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Inuit singer-songwriter and activist Kelly Fraser dies

Kelly Fraser arrives on the red carpet at the Juno Awards in Vancouver on March, 25, 2018. The singer-songwriter has died at the age of 26. (Darryl Dyck / The Canadian Press files)

Kelly Fraser arrives on the red carpet at the Juno Awards in Vancouver on March, 25, 2018. The singer-songwriter has died at the age of 26. (Darryl Dyck / The Canadian Press files)

Hey there, time traveller!
This article was published 26/12/2019 (231 days ago), so information in it may no longer be current.

Inuit singer-songwriter and activist Kelly Fraser has died. She was 26.

Fraser was living in Winnipeg. The circumstances of her death have not been announced.

Kelly Fraser sang and rapped in both English and Inuktitut. (Darryl Dyck / The Canadian Press files)

Kelly Fraser sang and rapped in both English and Inuktitut. (Darryl Dyck / The Canadian Press files)

Born in Sanikiluaq, Nunavut, Fraser grew a substantial following through her music, especially in the Arctic. Picking up the guitar at age 11 and forming her first band at 15, Fraser garnered fame in 2012 after her cover of a Rihanna song in Inuktitut went viral.

Fraser released her first album, Isuma, in 2014, and her second album, 2017's Sedna, was nominated for best Indigenous music album at the Juno Awards.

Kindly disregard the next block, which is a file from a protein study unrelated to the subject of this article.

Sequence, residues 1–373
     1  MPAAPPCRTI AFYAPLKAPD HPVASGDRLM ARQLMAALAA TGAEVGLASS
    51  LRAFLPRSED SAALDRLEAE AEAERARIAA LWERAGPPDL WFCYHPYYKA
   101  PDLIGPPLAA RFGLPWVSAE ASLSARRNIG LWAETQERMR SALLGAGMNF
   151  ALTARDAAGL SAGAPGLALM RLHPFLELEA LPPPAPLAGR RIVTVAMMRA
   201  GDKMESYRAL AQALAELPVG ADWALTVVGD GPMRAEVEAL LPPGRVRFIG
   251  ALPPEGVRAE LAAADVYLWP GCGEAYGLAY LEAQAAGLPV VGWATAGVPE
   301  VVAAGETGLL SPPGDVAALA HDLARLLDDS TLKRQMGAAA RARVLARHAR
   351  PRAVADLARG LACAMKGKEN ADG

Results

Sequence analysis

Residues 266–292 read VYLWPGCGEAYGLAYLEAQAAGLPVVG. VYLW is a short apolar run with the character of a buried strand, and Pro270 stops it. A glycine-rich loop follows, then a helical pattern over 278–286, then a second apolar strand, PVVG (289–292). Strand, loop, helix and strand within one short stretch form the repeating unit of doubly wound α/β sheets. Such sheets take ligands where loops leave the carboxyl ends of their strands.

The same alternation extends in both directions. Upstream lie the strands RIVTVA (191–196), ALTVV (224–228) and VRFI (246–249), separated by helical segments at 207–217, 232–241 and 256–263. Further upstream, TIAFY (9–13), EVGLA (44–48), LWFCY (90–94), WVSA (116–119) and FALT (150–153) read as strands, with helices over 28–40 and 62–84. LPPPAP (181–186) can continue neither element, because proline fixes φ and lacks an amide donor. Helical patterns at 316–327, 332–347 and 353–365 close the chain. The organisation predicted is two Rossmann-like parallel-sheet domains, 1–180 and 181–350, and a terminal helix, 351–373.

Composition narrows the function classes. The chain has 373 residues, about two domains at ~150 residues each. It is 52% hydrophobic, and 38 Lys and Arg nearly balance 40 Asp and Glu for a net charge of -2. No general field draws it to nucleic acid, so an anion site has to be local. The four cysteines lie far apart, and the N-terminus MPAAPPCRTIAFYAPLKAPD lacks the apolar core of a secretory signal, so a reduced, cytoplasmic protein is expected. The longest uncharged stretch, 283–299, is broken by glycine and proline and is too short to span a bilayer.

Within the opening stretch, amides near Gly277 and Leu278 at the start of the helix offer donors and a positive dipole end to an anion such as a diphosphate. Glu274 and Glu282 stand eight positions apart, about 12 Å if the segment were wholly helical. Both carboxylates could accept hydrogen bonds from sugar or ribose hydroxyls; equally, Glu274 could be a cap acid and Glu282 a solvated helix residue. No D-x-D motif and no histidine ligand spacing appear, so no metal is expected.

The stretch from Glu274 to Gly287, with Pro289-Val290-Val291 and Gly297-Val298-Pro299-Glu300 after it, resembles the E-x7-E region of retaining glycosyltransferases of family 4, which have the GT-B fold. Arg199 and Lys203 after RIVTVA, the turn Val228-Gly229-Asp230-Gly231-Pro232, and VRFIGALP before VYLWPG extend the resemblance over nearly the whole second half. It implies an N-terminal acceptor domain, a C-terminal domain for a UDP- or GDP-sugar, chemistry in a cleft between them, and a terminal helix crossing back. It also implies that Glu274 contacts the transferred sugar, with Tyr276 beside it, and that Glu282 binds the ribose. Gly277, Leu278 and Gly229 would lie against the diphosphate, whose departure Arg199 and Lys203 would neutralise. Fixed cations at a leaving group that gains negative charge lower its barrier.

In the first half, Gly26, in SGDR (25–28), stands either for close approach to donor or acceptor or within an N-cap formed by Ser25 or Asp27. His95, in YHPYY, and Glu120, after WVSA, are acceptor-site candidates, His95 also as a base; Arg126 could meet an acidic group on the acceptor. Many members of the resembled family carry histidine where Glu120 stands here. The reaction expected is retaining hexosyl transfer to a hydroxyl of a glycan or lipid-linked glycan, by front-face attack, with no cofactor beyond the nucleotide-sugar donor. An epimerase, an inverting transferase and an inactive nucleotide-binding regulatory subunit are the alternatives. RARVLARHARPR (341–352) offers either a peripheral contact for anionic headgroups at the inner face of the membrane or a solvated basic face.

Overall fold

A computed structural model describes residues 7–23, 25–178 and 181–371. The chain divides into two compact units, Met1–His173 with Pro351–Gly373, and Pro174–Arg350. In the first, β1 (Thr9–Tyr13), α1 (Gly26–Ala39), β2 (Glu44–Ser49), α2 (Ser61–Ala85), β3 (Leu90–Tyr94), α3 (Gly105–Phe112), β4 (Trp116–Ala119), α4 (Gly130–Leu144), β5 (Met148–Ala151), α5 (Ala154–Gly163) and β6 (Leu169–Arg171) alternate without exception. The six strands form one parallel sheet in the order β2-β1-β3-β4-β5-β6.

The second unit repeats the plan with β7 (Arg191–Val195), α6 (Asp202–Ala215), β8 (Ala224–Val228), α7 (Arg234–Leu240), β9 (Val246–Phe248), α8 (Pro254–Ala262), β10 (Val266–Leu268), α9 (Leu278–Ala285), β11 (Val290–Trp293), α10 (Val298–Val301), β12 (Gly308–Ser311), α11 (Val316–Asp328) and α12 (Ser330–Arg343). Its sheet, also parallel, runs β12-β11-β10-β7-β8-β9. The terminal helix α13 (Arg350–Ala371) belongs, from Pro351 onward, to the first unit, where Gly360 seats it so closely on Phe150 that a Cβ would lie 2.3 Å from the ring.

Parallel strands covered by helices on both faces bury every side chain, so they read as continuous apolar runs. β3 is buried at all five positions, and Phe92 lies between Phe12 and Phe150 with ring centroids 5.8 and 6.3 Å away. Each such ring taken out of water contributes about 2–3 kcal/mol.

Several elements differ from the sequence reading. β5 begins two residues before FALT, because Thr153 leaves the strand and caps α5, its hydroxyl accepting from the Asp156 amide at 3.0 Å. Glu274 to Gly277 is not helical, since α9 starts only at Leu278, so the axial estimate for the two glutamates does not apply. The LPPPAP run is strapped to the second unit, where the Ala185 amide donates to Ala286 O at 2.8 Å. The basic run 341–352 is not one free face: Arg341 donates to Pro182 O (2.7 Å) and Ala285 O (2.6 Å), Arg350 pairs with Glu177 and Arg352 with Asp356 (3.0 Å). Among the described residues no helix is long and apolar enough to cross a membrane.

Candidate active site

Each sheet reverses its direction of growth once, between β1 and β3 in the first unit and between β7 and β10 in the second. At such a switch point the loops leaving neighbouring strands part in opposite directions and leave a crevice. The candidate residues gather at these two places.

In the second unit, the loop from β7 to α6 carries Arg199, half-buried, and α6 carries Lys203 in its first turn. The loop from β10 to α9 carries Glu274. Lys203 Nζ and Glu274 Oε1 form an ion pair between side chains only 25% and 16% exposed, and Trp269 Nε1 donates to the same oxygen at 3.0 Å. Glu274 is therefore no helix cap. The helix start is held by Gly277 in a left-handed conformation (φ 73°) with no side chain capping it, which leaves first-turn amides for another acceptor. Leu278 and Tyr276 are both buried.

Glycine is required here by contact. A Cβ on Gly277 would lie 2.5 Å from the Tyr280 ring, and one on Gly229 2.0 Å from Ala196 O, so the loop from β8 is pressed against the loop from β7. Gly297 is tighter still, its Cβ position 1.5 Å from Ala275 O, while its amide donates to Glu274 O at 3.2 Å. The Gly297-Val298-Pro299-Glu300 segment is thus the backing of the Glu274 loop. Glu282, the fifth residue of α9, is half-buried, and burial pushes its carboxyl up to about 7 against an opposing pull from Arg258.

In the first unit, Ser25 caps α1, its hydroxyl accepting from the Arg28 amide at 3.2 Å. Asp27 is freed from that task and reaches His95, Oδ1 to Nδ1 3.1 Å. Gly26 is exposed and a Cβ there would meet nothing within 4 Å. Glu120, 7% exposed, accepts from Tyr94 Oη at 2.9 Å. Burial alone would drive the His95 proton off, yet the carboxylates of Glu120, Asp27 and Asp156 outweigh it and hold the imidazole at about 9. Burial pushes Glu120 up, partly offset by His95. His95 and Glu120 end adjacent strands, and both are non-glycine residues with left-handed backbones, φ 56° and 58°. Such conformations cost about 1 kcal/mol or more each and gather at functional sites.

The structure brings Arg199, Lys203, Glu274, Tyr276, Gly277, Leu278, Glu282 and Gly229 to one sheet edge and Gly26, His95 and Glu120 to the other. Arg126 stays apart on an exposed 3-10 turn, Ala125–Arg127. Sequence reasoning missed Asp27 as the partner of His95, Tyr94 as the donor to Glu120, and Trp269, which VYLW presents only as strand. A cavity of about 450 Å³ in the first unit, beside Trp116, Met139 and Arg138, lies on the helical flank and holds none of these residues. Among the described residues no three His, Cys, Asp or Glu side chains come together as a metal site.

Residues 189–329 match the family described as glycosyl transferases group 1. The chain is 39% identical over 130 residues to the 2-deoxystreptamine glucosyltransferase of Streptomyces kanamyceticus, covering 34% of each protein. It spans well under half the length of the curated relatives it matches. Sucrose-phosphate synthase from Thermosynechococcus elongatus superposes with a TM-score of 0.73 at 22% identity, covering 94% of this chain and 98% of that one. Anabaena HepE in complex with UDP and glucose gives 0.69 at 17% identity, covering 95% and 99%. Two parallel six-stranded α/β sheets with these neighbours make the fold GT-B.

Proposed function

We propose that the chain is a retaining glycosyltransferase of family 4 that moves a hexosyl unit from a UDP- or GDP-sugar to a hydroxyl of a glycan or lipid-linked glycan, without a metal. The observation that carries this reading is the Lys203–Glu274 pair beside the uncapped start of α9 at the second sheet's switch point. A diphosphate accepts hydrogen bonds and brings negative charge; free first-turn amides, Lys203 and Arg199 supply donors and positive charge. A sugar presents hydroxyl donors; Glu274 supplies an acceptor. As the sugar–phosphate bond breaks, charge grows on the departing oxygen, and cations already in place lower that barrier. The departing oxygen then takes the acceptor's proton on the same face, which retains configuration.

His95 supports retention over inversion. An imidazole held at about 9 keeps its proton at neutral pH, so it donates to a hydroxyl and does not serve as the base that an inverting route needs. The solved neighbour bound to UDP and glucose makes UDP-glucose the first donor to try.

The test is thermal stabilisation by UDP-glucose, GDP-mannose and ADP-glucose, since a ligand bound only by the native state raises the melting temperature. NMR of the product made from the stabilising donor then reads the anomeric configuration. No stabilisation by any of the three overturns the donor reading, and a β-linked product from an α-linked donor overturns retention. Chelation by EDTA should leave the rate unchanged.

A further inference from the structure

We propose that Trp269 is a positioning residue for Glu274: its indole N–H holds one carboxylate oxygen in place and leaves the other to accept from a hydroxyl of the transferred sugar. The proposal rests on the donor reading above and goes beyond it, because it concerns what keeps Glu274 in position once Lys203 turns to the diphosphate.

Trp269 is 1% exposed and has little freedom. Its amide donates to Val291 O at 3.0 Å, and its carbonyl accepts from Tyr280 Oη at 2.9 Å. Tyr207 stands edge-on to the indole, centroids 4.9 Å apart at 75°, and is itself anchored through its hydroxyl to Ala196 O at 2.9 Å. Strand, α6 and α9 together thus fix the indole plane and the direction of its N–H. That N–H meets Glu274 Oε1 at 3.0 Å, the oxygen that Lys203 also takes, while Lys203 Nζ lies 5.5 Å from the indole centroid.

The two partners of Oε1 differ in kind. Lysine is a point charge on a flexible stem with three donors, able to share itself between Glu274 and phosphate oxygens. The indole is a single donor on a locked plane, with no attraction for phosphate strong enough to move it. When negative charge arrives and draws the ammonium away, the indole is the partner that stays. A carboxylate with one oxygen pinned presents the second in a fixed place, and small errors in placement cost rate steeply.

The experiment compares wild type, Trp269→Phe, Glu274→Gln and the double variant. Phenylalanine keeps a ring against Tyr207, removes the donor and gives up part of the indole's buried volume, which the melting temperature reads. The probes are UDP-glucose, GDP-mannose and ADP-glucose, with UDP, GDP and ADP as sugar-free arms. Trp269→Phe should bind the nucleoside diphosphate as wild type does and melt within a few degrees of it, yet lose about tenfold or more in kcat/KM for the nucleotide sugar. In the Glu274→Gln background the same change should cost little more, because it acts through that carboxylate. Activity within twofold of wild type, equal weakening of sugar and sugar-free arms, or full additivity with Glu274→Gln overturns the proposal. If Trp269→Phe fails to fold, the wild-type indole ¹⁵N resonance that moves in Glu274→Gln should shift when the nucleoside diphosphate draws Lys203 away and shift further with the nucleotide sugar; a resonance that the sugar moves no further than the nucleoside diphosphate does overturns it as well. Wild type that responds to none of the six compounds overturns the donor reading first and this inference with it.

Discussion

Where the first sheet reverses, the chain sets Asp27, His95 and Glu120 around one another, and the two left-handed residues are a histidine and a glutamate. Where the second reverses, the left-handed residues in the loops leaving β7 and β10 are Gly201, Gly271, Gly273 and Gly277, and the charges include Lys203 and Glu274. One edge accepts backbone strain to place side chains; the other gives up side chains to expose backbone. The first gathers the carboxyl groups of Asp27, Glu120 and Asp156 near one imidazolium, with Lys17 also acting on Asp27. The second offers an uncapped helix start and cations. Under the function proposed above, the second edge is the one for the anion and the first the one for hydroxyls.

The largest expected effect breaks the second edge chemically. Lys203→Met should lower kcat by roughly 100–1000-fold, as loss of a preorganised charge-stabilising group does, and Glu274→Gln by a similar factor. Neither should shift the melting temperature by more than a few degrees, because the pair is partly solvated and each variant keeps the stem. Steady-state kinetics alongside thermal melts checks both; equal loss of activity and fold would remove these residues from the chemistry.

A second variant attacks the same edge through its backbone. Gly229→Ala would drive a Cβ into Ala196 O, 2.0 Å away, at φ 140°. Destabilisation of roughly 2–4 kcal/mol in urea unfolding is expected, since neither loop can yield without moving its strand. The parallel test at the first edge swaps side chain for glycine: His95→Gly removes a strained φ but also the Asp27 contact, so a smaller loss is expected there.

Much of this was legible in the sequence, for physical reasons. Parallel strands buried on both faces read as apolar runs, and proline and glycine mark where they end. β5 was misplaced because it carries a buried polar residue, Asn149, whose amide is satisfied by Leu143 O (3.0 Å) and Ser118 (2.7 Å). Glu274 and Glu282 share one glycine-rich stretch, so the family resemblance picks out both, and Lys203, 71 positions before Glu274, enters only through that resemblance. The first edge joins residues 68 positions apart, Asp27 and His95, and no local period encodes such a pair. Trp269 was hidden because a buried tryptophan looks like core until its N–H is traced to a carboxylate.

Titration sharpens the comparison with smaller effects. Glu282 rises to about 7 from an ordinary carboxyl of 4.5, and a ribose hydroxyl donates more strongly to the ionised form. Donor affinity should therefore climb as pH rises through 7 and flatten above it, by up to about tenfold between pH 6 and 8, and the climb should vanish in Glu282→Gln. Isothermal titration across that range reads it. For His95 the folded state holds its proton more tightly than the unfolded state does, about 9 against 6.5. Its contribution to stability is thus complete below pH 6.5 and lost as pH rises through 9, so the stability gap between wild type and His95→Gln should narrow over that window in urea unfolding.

She was also a recipient of the 2019 Indspire Award.

Her musical style ranged from folk, contemporary pop, EDM and hip hop. Fraser sang and rapped in both English and Inuktitut. Her music was politically charged and created to speak both to Inuit and Qallunaat people (southerners), her website states.

The artist was transparent about her many personal struggles, including substance abuse and the loss of her father and others to suicide. Fraser strove to use "her pain as inspiration to make art that can positively impact other native youths," her website states.

Fraser was passionate about shedding light on colonization and the generational effects it has had on Indigenous communities, as well as her own family. Fraser intended to use funds from the Indspire award for her third album, Decolonize, she said in a September interview with CBC.

Along with performing, Fraser taught songwriting, was a motivational speaker and helped organize projects to give underprivileged youth opportunities to learn creative and technical skills.

She had been studying at the Nicola Valley Institute of Technology in B.C., working to complete her degree in Indigenous studies. Fraser hoped to become a lawyer through the new Nunavut-based law program, her website states.

"Making music, singing, performing and teaching others is what I love," she said on her website. "It makes me happy and helps my own self-esteem, too. I want to do everything I can for a better Nunavut."

A GoFundMe has been started on behalf of Fraser’s family to support the costs associated with a memorial service, transportation and other basic needs. Donations can be made here

belle.rileythompson@freepress.mb.ca

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History

Updated on Thursday, December 26, 2019 at 5:47 PM CST: Updates GoFundMe details.

9:17 PM: Corrects name of first album.

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